minimum monument: art as emergency
Visitation until 27.01.2017 | Free entrance
by Priscila Arantes,
Néle Azevedo has developed a unique work since 2005. Over an act that lasts no longer than 20 minutes, hundreds of ice sculptures melt on the stairways of public places. Small puddles of water are left, and their evaporated traces are in the memory of those who have witnessed it. The remembrances of the work are still inscribed in the images that, besides being mere records, are testimonial images, material traces of the passage of time.
Minimum Monument reverses the canons of what we traditionally mean by monument. Instead of dealing with the solidity of the stones of large buildings and with the spaces of power, the project incorporates the ephemeral process of ice melting, poetically demonstrating the minimal scale of perishable bodies: small ice sculptures of men and ordinary people, which, as a kind of lament, dilute before a world that seems to have been broken. It is in this sense that of Néle Azevedo’s work can be seen as an anti-monument: not only for navigating against the official monument, but for shedding light on the traumatic moments of our history.
It would be a mistake, however, to reduce the Minimum Monument to the set of ice sculptures that constitute it. The project incorporates not only all the mobilization so that it can happen in public space, but also the process of creation of the work that often absorbs a great number of people, whether the volunteers who give shape to the sculptures or those who are invited to distribute them all over the exhibition site. The work, in this sense, becomes a collective construction and this collectivity, this power of being together, this feeling of belonging, is what seems to draw people’s attention. We are then, actors of our history.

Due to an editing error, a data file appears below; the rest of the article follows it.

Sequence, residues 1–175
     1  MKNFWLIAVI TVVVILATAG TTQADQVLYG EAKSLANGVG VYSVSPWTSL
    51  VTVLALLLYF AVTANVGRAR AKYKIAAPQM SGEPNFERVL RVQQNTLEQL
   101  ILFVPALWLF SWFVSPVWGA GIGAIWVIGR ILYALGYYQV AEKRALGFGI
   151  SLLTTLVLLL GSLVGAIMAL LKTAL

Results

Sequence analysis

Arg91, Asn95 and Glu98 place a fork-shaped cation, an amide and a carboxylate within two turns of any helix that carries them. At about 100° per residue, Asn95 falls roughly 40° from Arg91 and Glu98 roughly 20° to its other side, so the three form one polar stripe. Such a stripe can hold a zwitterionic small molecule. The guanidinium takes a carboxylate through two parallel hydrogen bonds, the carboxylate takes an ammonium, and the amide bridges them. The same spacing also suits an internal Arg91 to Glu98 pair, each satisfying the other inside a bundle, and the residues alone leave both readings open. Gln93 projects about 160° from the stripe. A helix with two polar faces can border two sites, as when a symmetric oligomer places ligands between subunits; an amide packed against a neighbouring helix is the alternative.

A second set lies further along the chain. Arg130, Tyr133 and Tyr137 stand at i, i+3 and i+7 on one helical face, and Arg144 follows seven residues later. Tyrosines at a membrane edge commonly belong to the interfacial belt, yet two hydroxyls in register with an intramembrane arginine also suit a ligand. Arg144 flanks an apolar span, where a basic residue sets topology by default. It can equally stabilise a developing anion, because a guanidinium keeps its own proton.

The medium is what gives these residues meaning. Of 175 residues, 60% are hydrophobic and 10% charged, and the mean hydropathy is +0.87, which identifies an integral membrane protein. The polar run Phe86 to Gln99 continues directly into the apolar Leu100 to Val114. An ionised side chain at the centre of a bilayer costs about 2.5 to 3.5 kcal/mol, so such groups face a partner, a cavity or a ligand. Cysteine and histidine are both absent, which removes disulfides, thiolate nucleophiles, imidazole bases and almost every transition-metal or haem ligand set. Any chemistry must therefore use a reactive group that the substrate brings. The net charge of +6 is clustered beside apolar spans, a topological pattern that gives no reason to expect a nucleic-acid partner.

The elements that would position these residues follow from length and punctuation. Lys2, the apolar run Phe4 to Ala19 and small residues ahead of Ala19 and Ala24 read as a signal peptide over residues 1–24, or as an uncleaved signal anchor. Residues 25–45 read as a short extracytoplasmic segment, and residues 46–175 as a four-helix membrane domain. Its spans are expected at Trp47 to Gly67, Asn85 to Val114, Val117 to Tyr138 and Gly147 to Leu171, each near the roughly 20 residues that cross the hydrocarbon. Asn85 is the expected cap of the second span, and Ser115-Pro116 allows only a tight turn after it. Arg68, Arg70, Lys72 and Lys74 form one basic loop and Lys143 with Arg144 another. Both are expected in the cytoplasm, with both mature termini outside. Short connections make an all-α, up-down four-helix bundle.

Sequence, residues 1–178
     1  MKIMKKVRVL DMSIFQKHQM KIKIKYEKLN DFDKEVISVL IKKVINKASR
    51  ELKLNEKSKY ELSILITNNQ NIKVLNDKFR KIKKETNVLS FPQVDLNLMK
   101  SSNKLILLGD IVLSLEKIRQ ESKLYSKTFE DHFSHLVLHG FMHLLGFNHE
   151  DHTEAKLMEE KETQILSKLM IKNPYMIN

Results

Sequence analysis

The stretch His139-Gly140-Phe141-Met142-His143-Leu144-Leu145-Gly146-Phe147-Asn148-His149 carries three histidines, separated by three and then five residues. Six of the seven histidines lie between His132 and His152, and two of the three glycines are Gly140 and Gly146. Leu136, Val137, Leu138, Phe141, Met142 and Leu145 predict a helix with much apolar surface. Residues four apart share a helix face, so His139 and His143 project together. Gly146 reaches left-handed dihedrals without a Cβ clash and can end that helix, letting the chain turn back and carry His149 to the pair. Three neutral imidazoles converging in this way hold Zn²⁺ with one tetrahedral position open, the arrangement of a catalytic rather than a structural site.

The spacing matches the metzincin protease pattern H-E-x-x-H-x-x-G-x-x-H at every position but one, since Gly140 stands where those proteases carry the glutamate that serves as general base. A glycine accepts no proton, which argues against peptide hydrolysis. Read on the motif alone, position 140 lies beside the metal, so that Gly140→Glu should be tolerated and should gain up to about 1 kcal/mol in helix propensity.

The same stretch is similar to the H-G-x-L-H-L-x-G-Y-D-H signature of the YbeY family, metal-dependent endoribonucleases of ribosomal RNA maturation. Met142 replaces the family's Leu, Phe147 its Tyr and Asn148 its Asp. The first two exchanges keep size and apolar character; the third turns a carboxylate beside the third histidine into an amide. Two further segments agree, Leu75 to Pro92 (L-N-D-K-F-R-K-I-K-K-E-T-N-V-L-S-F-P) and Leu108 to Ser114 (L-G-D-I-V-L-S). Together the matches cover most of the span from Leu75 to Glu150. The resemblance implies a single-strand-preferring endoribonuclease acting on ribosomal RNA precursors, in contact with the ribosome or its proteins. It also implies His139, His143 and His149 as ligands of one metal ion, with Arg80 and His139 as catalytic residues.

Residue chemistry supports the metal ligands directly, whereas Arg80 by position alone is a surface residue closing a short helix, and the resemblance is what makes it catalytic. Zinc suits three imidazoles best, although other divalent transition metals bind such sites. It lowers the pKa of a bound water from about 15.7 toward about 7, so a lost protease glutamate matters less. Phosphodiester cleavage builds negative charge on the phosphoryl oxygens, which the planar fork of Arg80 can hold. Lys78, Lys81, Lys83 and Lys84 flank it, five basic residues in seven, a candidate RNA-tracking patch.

Presented in countries such as Brazil, France, Italy, Germany, Norway and England, Minimum Monument is generally integrated in extreme contexts: protests, discussions on climate change and homages to dead men and women in extreme situations. "Art as an Emergency," as the philosopher Santiago Zabala points out.
Expanding the dialogue with initiatives that are endowed with the same spirit of reflection and resistance, the exhibition also presents excerpts from the project "Resistant Memories, Resident Memories", a publishing work by the Municipal Secretariat for Human Rights and Citizenship of the City of São Paulo, based on research developed by Memorial of the Resistance of São Paulo.
With the conception and direction of art by Luis Felipe Abbud, the publication is dedicated to presenting places of memory, monuments located in the city of São Paulo that carry the history of resistance and repression of the state systematized throughout the Brazilian civil-military dictatorship (1964 -85).
In this exhibition we present the monuments located in the neighborhood of Bom Retiro, in the vicinity of the Cultural Office Oswald de Andrade; different 'Monuments' which, like Minimum Monument, carry a significant part of the often traumatic stories that form part of our country.